I have asked myself the question, “Is homework helpful?” many times since I started teaching in 1997. I have stood at the copy machine and reloaded reams of paper time and time again. Sometimes when I was making homework packets, I was almost asleep it was such a part of my muscle memory routine as a teacher. About 5 years into it, I began to really challenge the idea of homework. Was it doing any good? Was it doing any harm?
Homework is perceived by most parents as a worksheet or packet their child is to do in a straight-backed chair at the kitchen table. Rarely in low socio-economic settings is there home tutoring. Parents are usually disengaged from this event and rarely assist their children when they do it. My son’s homework has usually been “disconnected” from the lessons he had that day. Math is usually most closely aligned but even still he always has questions when he does his homework. He is lucky I am a teacher and even more that I am a caring, involved parent with time to help.
I hate to say it but most kids I teach aren’t guaranteed homework help. Moreover, teachers sometimes give homework in haste to appease parents. They don’t always select it as material they’ve already taught. What is the result? Kids work in homework packets and on worksheets they often do not understand and make mistakes over and over that never get corrected. With the demands of instructional minutes, well-meaning teachers often don’t get to correct the homework and kids never see what they did wrong, or right. There is an option of online tutoring but in families where paying the gas bill is a luxury, it’s not very realistic.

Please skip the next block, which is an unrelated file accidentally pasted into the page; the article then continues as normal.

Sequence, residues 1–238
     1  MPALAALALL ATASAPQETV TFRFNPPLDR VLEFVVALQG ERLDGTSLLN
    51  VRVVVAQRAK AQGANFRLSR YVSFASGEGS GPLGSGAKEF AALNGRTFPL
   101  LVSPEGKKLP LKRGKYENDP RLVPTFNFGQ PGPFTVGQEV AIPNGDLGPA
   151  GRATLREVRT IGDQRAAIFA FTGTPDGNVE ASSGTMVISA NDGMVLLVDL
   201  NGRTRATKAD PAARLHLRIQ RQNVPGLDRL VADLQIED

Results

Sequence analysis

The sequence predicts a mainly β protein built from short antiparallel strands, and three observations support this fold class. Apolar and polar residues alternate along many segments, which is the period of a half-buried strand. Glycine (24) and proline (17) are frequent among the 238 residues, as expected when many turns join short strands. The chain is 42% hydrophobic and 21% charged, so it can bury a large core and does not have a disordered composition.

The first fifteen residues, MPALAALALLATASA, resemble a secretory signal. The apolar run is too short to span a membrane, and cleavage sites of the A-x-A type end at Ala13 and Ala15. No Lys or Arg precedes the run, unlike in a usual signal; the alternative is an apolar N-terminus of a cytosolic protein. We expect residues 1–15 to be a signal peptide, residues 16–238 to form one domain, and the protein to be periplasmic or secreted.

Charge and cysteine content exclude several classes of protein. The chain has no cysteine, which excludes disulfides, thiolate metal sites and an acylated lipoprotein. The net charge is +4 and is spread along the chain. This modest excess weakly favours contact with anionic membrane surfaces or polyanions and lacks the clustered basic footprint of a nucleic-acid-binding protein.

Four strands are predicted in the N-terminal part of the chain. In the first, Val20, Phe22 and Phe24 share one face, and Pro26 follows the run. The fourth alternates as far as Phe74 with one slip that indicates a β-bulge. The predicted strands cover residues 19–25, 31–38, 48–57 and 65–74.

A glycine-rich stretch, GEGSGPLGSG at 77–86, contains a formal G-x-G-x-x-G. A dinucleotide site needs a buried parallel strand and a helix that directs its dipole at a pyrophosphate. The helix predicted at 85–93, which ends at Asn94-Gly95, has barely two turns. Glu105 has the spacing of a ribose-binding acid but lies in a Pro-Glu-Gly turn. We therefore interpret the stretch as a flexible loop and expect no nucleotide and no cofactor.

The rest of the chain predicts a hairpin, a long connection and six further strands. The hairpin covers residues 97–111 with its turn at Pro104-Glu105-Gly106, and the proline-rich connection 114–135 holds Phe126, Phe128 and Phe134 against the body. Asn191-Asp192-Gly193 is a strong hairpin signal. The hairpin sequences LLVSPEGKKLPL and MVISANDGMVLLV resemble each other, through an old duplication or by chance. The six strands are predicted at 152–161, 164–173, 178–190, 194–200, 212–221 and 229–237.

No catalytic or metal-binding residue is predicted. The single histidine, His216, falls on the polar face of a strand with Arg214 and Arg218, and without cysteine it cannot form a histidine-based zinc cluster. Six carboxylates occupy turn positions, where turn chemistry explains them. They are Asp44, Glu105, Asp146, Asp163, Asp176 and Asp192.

I assign 30 minutes silent reading as homework. This is help with spelling and reading comprehension. I also applaud and assign practicing times tables on index cards. I recognize that many parents will “demand” homework from the teacher because it has been a traditionally automatic thing expected of teachers. To some extent I share with parents my feeling on homework but if they still have a problem with a “no homework” policy, or a “low homework” policy as I have, I will have a sheet or two for their child that is material they already know how to do. If tutoring is available, then homework becomes much more helpful.
New material should never be given as homework for reasons I have already stated. The buzz word in education in the 60’s and 70’s was “practice makes perfect.” This is true in a certain light. We should also consider the student who does homework or any work incorrectly over and over. In that case, the phrase should not be “practice makes perfect” because incorrect is the converse of perfect. In that case the phrase should be adjusted to say: “Practice makes Permanent.” As we explore this concept in a new generation, I invite your comments on homework and homework tutoring.